With amenity tips closed, and some rubbish collection services disrupted during the coronavirus lockdown there has been a sharp increase in the amount of garden, household and commercial waste being dumped in rural areas.
At a time when farmers are busting a gut to help feed the nation, it is simply unacceptable that their fields, hedgerows and gateways are seen by some as a legitimate depository for redundant fridges, washing machines and mattresses.
Not only is such activity illegal, it is also costly to the farmer, who has to pay for their removal an it can present a serious risk to livestock and the environment – for which the landowner may ultimately be liable.
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Executive editor, Farmers Weekly
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Farmers Weekly has said in the past that more effort is needed to catch the perpetrators, with tougher sentences dished out to act as a proper deterrent.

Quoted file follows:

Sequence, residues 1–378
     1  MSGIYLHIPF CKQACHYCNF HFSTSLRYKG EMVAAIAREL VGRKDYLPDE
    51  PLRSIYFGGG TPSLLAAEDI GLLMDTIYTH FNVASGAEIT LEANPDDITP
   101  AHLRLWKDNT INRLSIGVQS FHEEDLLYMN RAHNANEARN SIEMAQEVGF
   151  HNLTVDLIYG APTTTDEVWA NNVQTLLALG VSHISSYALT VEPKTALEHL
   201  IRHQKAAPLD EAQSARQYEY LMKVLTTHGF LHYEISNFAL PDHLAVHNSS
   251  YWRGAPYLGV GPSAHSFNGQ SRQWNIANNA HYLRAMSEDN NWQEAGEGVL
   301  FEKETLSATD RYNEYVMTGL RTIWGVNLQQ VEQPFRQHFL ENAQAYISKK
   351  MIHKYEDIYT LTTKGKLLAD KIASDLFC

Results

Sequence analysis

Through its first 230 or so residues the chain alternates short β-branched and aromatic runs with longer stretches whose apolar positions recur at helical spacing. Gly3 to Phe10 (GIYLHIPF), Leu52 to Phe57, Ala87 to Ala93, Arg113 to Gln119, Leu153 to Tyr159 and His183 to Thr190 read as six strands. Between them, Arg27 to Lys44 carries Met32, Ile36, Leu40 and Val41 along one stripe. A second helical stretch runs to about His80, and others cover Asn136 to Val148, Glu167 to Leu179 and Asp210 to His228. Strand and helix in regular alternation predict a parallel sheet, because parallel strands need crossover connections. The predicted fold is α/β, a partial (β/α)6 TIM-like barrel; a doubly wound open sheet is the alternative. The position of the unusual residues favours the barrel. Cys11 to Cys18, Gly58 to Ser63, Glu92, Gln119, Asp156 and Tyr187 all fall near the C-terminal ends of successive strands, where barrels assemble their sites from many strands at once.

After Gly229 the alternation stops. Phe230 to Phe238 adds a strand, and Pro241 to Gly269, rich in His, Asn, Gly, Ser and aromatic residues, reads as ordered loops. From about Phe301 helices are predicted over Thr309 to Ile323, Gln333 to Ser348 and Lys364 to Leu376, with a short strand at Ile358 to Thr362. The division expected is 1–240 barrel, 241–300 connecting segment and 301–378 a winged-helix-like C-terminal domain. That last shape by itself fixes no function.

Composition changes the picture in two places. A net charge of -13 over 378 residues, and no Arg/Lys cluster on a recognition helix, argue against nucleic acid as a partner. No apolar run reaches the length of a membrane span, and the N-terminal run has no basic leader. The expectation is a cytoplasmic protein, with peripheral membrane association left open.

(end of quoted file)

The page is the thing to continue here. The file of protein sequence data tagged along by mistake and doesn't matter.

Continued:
True, the government has strengthened local authorities’ enforcement powers through fixed-penalty notices and by making it easier for vehicles to be stopped, searched and seized.
But when it comes to actual convictions, only one in 600 fly-tipping incidents leads to a prosecution, while the most common punishment is a penalty of less than £400, compared with an average clean-up cost to the farmer of £800.
Clearly, tougher sentencing is still badly needed, while the Country Land and Business Association’s idea of a ticketing system, to allow landowners to remove dumped waste and take it to a local tip for free, needs urgent consideration.
Farmers must play their part too, working together to resist the scourge of fly-tipping. Hidden cameras near fly-tipping hotspots, for example, have been shown to work.
It is also essential to report all cases, either direct to local councils and the police, or using a dedicated service such as the NFU’s Rural Crime Reporting Line, FlyMapper or the Dumb Dumpers website in Scotland.
Either way, the blight of fly-tipping during lockdown needs addressing.
For, while the weekly round of applause for NHS workers is one of the more positive images to emerge from the coronavirus crisis, the growing piles of rubbish building up in the countryside is undoubtedly one of the worst.